In this essay the author reflects on the nature of reality and the origins of the Western monotheistic tradition. He, then considers the conundrum posed by this and raises questions regarding the nature of boundaries of Quaker universalism and where non-theists place fits in relation to it.
The author, who from her lifetime immersion and experience of Quakerism , being given by nature to “march to a different drummer”, shares her discovery that it is not only a safe place to be but also an immensely enriching one. She reports on finding that “the resulting tensions between individualism, universalism, freedom and community are mediated by trust.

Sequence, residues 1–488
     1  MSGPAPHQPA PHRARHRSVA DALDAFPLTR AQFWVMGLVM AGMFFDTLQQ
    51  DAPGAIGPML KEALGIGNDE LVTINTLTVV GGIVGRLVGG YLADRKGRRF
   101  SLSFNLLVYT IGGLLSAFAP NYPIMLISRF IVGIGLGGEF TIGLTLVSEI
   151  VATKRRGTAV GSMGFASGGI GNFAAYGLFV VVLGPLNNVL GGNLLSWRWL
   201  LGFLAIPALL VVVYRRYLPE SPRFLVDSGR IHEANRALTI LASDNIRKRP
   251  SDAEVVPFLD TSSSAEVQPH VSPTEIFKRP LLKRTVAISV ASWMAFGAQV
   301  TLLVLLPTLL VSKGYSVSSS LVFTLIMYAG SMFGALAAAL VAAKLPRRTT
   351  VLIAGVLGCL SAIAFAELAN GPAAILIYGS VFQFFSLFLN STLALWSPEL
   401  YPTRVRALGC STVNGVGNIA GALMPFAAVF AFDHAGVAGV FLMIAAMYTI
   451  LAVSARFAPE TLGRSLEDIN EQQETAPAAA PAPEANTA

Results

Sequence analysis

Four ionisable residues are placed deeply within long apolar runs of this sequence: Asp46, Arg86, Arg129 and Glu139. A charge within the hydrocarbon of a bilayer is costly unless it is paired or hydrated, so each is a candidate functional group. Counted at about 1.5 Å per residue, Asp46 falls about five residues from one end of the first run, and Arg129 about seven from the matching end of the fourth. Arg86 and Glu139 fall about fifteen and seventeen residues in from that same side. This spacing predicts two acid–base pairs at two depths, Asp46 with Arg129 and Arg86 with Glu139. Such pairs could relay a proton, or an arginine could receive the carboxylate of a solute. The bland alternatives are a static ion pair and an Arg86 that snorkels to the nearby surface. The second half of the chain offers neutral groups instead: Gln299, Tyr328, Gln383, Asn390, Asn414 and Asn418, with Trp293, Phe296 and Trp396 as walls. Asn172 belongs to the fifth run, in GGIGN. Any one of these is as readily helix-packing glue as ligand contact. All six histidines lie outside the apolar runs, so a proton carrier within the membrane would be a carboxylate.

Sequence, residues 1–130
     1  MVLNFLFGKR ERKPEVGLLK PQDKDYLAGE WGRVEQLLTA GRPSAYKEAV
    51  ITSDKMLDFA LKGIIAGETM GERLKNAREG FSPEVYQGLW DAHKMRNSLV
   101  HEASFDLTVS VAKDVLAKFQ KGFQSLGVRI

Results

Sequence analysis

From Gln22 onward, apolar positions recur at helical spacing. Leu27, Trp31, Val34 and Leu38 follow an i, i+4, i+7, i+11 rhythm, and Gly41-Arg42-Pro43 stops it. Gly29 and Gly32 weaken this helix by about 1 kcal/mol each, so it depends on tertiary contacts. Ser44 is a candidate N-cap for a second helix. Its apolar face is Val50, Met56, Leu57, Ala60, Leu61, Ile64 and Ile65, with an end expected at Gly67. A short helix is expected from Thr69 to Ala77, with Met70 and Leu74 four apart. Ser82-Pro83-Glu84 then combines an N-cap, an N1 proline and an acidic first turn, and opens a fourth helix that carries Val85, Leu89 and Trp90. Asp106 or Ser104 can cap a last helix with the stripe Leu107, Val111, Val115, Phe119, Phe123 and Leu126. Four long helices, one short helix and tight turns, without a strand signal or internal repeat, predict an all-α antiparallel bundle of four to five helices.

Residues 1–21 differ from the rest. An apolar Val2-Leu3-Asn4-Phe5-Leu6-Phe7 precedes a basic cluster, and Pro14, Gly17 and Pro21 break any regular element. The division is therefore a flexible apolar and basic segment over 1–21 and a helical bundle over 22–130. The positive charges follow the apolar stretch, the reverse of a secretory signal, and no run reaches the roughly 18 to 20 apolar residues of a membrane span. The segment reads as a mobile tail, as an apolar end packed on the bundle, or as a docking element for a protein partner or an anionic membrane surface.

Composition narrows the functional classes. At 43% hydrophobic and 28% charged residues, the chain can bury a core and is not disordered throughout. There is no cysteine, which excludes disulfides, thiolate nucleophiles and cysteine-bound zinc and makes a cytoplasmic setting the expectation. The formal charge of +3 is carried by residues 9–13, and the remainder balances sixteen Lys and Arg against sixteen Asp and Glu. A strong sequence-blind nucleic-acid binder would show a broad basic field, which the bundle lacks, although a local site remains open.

Let the first concern of the friends of Jesus be to cooperate with and to encourage, rather than to convert, anyone who is already promoting the Realm of God on earth. Let us look forward to a new millennium when all humankind’s great religions will collaborate full-heartedly in the mutual building up of a civilization based on love. Let us recognize that while spiritual life in its externals often presents us with a bewildering diversity, the saints of each spiritual tradition are practically indistinguishable from each other in their lives, their way of being. Though their theological concepts may be different, their feelings and conduct are amazingly similar. They dwell in love, and God dwells in them because God is love. In the beautiful prayer with which he closes his final discourse in the Gospel of John, Jesus acknowledges that he came so that “all might be One.” Increasingly in this modern age, the capacity to apprehend the One in the many constitutes the special responsibility of those who would dwell in love. As we embrace our heritage for the new millennium, may this capacity to apprehend the One in the many, and the love it expresses, be our special gift as the friends of Jesus to people of all faiths everywhere!